The DWP just sunk to its most disgraceful moment to date

Esther McVey and the DWP logo
Steve Topple

The Department for Work and Pensions (DWP) is probably the most scandalous of all government bodies. But in a response to the most damning analysis of its conduct ever, it’s now scraped the bottom of a very empty barrel. Because, according to the DWP, there are no “grave” or “systematic” violations of disabled people’s rights in the UK. Nor does it believe they are facing a “human catastrophe“.

Its lies are almost as shocking as its arrogance.

The DWP: a report to end all reports

I’ve covered the UN Committee on the Rights of Persons with Disabilities’ (UNCRPD) report. In fact, I’ve covered it, then covered it some more. But, in short, it accused the DWP and successive governments of violating disabled people’s human rights via welfare reforms, cuts, and general negligence. So much so, the chair of the committee accused the government of creating a “human catastrophe” for disabled people and then trying to cover it up.

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A year on from the UNCRPD’s final conclusions, and after repeated denials of wrongdoing by some of the most odious Tory ministers in recent history, the DWP has now ‘fessed up’. After a fashion. Well, actually – not at all.

The DWP and its weaselly ministers, namely Sarah Newton, have again put their fingers in their ears and screamed ‘LA! LA! LA! WHAT DISABLED PEOPLE DYING???’

Newton’s fairy tale

The eight-page, DWP ‘note-to-self: we’re alright, Jack’ is an insult to the 13 million disabled people in this country; not least because of its tawdry length. But moreover, it’s essentially a blanket denial of any wrongdoing; like a death row serial killer telling the priest at the gallows: ‘I thought it was OK to murder people! Isn’t that my job?’.

In this “progress” report, Newton covers six areas:

  • Transport.
  • Housing.
  • Health.
  • Employment.
  • Participation in society.
  • International development.

Now, I could take you on a magical, meandering mystery tour of the fairy tale world Newton has bastardised. It’s a Disney-like affair: disabled people merrily bop in their wheelchairs down yellow brick roads; a chorus of birds tweets the melody to Whistle While You Work as a group of autistic people perform a tap dance routine; talking mice help people living with mental distress to build a house made entirely of gingerbread, and a Down’s Syndrome princess marries her learning-disabled Prince Charming.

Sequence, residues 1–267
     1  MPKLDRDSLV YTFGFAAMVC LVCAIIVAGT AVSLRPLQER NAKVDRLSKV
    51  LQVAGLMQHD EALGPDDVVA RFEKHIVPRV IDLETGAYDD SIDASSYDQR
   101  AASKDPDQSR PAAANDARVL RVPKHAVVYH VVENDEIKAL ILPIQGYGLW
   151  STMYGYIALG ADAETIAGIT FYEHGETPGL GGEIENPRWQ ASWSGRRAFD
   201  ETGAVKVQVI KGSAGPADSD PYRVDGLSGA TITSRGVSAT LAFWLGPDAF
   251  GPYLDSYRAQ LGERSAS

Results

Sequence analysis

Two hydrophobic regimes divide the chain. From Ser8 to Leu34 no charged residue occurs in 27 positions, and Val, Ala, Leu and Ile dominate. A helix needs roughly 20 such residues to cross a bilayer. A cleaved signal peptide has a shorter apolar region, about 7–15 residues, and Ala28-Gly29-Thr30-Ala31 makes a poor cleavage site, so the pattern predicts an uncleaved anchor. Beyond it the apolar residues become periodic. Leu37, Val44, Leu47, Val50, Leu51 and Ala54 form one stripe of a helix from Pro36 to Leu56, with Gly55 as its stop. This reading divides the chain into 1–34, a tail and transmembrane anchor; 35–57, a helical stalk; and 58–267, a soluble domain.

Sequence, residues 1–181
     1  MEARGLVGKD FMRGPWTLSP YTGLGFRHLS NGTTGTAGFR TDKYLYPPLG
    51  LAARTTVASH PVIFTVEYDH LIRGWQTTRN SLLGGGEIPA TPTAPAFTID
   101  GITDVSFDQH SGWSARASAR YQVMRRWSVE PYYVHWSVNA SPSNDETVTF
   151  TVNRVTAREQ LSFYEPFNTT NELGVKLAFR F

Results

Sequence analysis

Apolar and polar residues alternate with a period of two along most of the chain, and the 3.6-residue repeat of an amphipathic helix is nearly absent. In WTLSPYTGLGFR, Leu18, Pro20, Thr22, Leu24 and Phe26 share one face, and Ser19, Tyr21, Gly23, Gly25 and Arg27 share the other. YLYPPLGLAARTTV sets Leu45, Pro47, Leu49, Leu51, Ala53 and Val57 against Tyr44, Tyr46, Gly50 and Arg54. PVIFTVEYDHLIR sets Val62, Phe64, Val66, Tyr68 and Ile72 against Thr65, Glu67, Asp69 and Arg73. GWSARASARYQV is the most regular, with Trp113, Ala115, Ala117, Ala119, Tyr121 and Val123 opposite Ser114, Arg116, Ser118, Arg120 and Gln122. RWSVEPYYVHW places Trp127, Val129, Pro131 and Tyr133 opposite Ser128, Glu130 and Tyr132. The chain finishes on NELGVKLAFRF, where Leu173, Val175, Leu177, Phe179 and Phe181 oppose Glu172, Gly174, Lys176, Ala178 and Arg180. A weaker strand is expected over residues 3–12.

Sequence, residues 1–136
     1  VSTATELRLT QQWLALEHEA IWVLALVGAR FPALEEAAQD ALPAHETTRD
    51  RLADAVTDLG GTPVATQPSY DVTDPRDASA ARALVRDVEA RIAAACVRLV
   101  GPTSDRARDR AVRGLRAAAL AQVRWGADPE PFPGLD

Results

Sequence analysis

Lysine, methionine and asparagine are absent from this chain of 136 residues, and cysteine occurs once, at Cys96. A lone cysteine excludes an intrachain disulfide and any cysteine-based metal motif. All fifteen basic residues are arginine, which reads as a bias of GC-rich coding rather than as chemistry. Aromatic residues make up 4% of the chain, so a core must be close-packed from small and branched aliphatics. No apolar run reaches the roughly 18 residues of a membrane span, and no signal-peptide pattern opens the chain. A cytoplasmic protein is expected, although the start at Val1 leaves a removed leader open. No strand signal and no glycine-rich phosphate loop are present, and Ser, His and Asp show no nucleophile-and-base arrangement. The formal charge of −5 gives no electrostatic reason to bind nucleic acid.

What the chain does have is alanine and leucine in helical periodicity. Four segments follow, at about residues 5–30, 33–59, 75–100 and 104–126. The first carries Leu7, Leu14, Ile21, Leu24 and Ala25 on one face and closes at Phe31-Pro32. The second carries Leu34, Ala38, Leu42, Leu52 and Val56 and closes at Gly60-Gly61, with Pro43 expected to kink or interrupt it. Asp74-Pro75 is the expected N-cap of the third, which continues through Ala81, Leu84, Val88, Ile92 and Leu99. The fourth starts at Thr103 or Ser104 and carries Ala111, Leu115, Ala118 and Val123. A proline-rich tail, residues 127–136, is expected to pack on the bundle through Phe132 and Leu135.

But the reality of life for disabled people, compared to the utter bollocks Newton has written in her report, is as far removed from Disney as you can imagine.

The DWP are making people kill themselves

If you browse the Twitter timeline of user ‘I was a JSA claimant’, you regularly see the stories of people dying on the DWP’s watch, or taking their own lives after it cuts their benefits.

Yes, I know: the reasons behind someone’s ‘suicide’ are complex, etc, etc, etc.

But spare me the PC, third sector hand-wringing. Someone has to say it in print: people are killing themselves because of what the DWP has done to them. Even John McDonnell has said as much.

Disabled people are starving, homeless, penniless, terminally ill, dying and killing themselves. After three years of one political party’s rule, you could put it down to policy errors; five years could just about be excused by rhetoric like ‘we’re still learning lessons’. But after eight years of misery, poverty death and effective democide  – only one conclusion can be drawn.

The Conservative government and the DWP are allowing sick and disabled people to die.

Collateral damage

What’s often asked of suspects in murder and manslaughter trials is ‘why did you do it’?

As I wrote about Universal Credit, the cruelty within it, and the misery it causes is intentional. The government want an underclass of people. It’s dystopian in its severity. But here’s the worst part: the people that govern us don’t even care.

I don’t believe the government sets out to kill off sick and disabled people. I believe it views their deaths, due to (ultimately) the onward march of corrupt, corporate capitalism, much like Tony Blair’s government viewed half a million dead Iraqis: collateral damage.

It’s that thought which is probably the worst part of all this. That sick and disabled people are worthless lives to the DWP and the government. But I’m afraid I believe it’s true.

Enough is enough

So, what can be done?

In reality, the UN’s repeated criticisms, while welcome, are pretty toothless. It can’t force the government to act. Meanwhile, Labour is still only giving murmurs of hope for disabled people, when it should be roaring for them.

So I believe it’s up to you and me now.

I know you’re exhausted by constantly fighting; I am, too. And I know some of you have made yourselves ill during all this. I know that it seems like this battle will never end; I feel like that, too. But hang on in there – and keep the pressure up.

Scream about what the DWP is doing on social media. Talk to your family, friends and neighbours. Challenge the department at every opportunity. Try to persuade DWP workers to see the error of their ways. And maybe, just maybe, we can ‘be the change we want to see’. We’ve got a fight on our hands. But people’s lives are literally at stake.

Get Involved!

– Check out the #DWPcrimes#ScrapUniversalCredit and #CrimesOfDWP hashtags on Twitter. Support the blogs Universal Credit Sufferer and The Poor Side of Life. Get involved with Disabled People Against Cuts (DPAC), fighting for disabled people’s rights.

Featured image via Channel 4 News – YouTube and UK government – Wikimedia

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Steve Topple